Although back to school is very different this year, it is helpful to plan out snack breaks and lunches. Meal prep so that school at home is smoother! Many of our Back to school favorites are on sale 8/21-8/23 for owners!
Back to Schoool Essentials
Meli Wraps are a ziplock and plastic wrap alternative. These beeswax wraps cling to bowls and work great for holding trail mix!
Stasher bags are ziplock 2.0. They are freezer, microwave, and dishwasher safe! These silicon master bags are great for snacks, soups, sandwiches, and more! Make soup in advance, portion out in these bags, and keep in the freezer. When you are ready to eat, place them in a pot of boiling water until thawed or throw in the microwave.
Be prepared with All Good hand sanitizer and sunscreen.
Love Bags makes tote bags, lunch boxes, and more. Best of all their fabric is 100% recycled plastics. Cleaning up the oceans with style!
Kleen Kanteen is a long-time favorite. We got in various sizes to ensure you can stay hydrated! They are insulated and will keep your water cool during this heatwave!
U-Konserve is great for meal prepping. We carry various sizes of these sustainable metal and silicone containers. Prep for the week and these containers stack nicely in the fridge!
Dip or Build
- Bell Peppers and Albacore Salad
- Taco Build (Sweet Potato or Mushroom)
- Pizza Build, use Naan, or make mini pizza dough!
At the Davis Food Co-op, there are many designs of kitchen towels! Or buy some pretty fabric and make some yourself! Stick to 100% cotton or linen to ensure that they are commercially compostable once they’ve run their course.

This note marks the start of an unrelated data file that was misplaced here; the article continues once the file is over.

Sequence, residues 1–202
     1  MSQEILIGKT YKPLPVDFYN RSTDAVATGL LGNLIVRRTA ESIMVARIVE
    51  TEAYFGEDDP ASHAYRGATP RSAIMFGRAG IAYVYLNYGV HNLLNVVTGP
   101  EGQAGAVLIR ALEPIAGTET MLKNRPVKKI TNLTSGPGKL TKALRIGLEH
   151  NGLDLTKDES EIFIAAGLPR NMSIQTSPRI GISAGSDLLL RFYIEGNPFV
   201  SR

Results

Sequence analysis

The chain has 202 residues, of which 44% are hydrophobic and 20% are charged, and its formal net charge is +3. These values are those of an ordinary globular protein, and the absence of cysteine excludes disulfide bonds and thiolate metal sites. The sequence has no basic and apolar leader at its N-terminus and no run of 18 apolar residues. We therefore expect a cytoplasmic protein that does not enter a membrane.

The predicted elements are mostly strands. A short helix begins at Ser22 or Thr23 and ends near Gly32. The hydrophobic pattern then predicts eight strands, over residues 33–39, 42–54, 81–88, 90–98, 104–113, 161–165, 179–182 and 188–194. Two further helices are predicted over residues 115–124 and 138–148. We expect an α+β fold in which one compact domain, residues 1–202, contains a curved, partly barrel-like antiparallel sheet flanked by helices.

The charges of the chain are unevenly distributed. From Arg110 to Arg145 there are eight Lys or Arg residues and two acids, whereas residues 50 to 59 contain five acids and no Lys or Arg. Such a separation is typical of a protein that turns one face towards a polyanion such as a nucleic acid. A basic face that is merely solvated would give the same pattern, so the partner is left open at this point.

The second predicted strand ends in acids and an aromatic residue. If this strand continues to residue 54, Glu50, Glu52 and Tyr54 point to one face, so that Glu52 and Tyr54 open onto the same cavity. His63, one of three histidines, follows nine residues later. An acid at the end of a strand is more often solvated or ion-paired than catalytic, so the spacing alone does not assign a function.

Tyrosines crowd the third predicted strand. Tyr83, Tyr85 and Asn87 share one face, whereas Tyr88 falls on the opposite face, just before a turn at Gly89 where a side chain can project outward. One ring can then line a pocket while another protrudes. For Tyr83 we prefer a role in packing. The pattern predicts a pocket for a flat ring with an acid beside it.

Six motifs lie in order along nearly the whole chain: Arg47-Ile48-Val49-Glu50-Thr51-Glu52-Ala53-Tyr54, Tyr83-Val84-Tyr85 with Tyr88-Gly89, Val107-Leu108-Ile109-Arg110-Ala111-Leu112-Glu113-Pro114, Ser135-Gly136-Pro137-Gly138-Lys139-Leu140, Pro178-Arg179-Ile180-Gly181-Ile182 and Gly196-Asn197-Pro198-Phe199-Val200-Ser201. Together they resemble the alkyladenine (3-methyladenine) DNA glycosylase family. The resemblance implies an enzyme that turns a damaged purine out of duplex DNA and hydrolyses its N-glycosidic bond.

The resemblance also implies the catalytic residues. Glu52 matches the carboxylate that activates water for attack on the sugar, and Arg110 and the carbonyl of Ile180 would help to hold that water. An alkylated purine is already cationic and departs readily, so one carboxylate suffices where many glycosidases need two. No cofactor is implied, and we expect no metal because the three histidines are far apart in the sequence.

Making your own Rags
- Old Cotton Shirts
- and/or Old kitchen towels
- Good scissors
- Needle or sewing machine and thread (optional)
Hold onto your old 100% cotton T-shirts and cut them into rags! Old kitchen towels that are stained also make great rags! Start by cutting off the sleeves and cutting out any seams. The best rags are 6-8 inch squares. Start by making the larger rags, and use the sleeves and odd spots to make small rags. Do not worry about making every rag a square, these are not for show and any shape will do! The small rags are great for small messes and for cast iron care!
Cut your kitchen towel into 2 or 4 rectangles, depending on how big you want them. it is nice to have a variety of sizes! Use your needle and thread or sewing machine to hem the edges. Fold ¼ inch of each side in and use a simple stitch to hold it in place. A zig-zag stitch will work the best to stop strings and runners from coming loose.
- Keep a separate bag for dirty rags. The rags are often covered in oil from a cast iron, dust from the bathroom, and various kitchen messes that you do not want staining your clothes! Once your stack is running low, it is time to wash them all including the bag!
- The great thing about using cotton, if you ever clean something that seems to gross to keep the rags, toss them in your city compost bin!
Why this Makes a Difference
More than 13 billion pounds of paper towels are used each year in the USA. At the Davis Food Co-op alone, 4,491 units (single rolls or multipacks) of paper towels were sold in 2019. Rags are a great way to limit or completely stop your need for paper towels!
There are many things that we could all do in our homes to be a little more environmentally friendly. Ditching products that come in single-use plastic or contain harmful chemicals is a great first step. A total rehaul of your cleaning supplies and routine is not only overwhelming but unnecessary. After all, it would be wasteful to throw out functional cleaning supplies only to replace them with better versions. This guide is meant to help those who are interested in transitioning to more natural products and less wasteful solutions for taking care of their homes. We hope that you find some of these tips helpful!